On Not Being Okay

There have been multiple times I have written this post out over the years and deleted it. Or it’s been left as a draft. I have walked away thinking “What would people say if I posted that?” I worried over reactions and conversations that would have to be had if I wrote this post. Earlier this week it again came to the forefront of my mind when I was sitting with a coworker waiting for our to-go order as the news broke about Kate Spade’s suicide. Then this morning as news of Anthony Bourdain’s suicide broke.

For a large chunk of my 20s I struggled with recognizing I was unwell. I allowed my mental wellness to become so toxic and unhealthy because I thought it was natural. I thought it would just be present with me and frankly, it sunk me into a depression I hid very well. 99.5% of the people who know me do not know that I gave serious thought to suicide. That I lived in a very dark place for a very long time. When you are struggling mentally, you find ways to hide it from those closest to you. Even now, my family wasn’t aware until they read this. I have confided in two or three people about this outside of a counselor up until now. I sought out help because I knew there was a path I was on that would lead me eventually to my death if I didn’t.

In our culture, and especially in the Christian culture, mental illness and suicide aren’t spoken about regularly or even comfortably. It has a shame shield wrapped around it, furthering the illness and deepening the depths of darkness one can find themselves in. Even telling someone you are seeing a therapist or counselor is met with  embarrassment for many. Over the years I have walked the line of shame in seeking help rather than live in the depression that would kill me. It took me voicing my fears of shame and embarrassment to my counselor about even sitting there to hear the truth we all need.

It is okay to seek help when you aren’t okay. It is not okay to stay in the realm of fear.

We go to annual checkups with our doctors, we don’t dare skip our annual exam at the gyno (even though we dread it ladies), and we ensure if we need new glasses or contacts we are beating down the door to our optometrist. When we have an unknown rash or a blood test comes wonky, we go in for more testing, for follow ups, for consultations. We will seek out everything that can help us, except when it comes to our brains. We won’t ask for prayer on it, we won’t share about our struggles with our closest confidantes because fear has told us that it’s not okay to be not okay.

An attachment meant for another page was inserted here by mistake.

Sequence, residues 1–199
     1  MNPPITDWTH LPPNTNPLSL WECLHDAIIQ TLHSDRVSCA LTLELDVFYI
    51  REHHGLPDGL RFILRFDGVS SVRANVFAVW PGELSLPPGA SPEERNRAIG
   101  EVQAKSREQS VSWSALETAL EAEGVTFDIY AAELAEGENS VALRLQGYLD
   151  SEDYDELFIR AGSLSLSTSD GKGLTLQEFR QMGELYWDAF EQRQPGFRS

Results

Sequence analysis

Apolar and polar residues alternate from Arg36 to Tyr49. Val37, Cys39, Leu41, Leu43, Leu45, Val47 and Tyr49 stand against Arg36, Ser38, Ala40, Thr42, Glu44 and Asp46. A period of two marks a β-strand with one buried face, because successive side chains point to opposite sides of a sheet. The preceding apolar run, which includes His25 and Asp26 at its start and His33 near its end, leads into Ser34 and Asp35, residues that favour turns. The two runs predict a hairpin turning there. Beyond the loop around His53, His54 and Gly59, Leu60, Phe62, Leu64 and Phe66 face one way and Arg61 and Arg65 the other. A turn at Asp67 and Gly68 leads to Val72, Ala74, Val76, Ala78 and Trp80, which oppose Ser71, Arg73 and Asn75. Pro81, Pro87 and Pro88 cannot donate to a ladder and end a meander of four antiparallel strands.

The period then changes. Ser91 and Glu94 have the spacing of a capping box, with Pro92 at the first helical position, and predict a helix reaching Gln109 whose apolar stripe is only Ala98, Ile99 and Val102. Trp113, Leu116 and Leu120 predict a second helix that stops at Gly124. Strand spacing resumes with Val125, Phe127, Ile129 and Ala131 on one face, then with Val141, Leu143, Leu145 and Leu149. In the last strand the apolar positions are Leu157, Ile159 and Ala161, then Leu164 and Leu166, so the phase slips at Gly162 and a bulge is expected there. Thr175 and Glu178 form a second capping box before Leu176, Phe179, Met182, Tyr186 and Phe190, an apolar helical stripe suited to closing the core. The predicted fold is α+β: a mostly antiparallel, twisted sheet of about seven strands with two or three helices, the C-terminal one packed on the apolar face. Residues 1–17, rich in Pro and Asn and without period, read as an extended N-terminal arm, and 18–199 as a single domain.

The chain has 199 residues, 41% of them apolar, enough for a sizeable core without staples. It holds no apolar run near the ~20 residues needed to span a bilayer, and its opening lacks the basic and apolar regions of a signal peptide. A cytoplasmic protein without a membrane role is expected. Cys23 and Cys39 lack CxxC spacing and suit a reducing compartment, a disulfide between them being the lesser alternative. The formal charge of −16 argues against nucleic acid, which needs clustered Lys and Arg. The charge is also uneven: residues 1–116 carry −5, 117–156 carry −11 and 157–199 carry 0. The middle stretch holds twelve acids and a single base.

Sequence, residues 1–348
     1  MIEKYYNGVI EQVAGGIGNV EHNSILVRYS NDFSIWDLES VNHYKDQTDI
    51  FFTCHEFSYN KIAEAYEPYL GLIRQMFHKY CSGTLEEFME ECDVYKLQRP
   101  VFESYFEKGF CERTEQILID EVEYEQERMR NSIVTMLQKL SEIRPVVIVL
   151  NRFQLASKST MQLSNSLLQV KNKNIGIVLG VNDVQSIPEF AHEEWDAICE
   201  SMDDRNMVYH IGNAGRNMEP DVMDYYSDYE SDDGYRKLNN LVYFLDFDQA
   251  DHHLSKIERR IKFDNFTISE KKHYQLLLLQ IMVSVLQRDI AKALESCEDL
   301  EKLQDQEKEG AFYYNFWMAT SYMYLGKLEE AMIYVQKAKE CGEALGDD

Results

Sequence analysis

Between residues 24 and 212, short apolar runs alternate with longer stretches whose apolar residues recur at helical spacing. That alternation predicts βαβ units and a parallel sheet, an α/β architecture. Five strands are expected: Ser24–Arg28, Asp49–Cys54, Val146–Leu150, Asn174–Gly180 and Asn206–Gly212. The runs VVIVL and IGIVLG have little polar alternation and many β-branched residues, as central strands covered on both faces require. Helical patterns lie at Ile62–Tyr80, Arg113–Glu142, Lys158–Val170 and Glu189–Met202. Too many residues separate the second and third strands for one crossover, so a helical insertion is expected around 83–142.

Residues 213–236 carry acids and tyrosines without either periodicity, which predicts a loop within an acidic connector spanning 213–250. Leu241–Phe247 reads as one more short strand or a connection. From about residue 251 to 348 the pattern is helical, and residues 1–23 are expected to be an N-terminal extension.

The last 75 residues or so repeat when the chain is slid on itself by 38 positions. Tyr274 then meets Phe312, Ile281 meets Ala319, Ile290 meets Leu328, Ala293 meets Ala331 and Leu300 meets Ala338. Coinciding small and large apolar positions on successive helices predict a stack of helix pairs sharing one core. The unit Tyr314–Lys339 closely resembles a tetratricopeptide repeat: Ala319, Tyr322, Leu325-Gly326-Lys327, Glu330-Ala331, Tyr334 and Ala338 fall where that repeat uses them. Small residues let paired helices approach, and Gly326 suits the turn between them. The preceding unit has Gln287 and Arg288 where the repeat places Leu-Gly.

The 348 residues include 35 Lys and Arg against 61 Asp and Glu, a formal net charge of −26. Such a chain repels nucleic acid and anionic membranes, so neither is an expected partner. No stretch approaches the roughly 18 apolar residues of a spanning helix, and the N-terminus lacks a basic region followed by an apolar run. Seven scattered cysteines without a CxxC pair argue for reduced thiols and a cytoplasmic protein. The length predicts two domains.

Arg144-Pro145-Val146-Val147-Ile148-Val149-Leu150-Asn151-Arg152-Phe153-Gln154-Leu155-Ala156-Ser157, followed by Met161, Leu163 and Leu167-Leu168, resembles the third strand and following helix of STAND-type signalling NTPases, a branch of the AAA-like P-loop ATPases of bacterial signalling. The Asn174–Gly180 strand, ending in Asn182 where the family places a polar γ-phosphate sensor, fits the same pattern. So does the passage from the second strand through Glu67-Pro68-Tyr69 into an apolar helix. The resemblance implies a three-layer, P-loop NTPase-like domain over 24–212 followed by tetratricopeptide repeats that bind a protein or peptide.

If you are struggling in the depths, know you are not alone. No matter what fear is telling you, it’s a lie. A downright ugly lie meant to steal and destroy you. I beg you to not let it. Reach out, confide in one person. It’s scary and unknown, but it sure beats the alternative. There is no shame in calling the Suicide Prevention Lifeline at 1-800-273-8255 or looking for a counselor. If you are a believer, ask a pastor for a reference or who they have on staff as a counselor. I went online-as it can be both good and bad-and sought out a counselor in my area that was also thankfully on my insurance at the time. But there are low-cost options I promise you that are good and beneficial.

Some days I still wrestle with mental wellness, and those are days I find myself pulling out the notes from my sessions, quieting the chaos that wants to drag me under, and confiding in someone. Speaking directly at the lie of fear and saying “Not today.” But it is difficult to know this battle will wage on continuously. That I won’t find a cure for the struggles I have mentally on this side of life. But there’s a hope I can rest in, to know that the lies and the shame and the fears aren’t mine to battle and win. They were long ago put to death by the hope of my salvation, Christ Himself. Some days I forget that, when the struggle seems suffocating and burdensome, when it is within an inch or a minute of swallowing me whole. Some days it takes speaking my fear out to another person, to a counselor, to hear myself voice what is locked within me to see there’s someone to listen, to not judge but to be present and realize I am not alone in it. That it is a lie. And to ultimately be the truth of my life, to speak His Truth that I am valued, loved and never, ever alone.

If you haven’t struggled with mental illness, I am sure you are a friend or family member, coworker or pastor to someone who is currently living in mental unwellness. Be the one to ask “are you okay?” Be the one to simply offer to sit and listen. Be the one to not let them be alone in it. Just be with them.


Recently I have heard this song played more and more on the radio and it’s meant so much to me even this week as the fears and lies creep in when you see people defined as successful and “having it all” are committing suicide. Maybe you need to hear it, sing it, believe it for yourself today.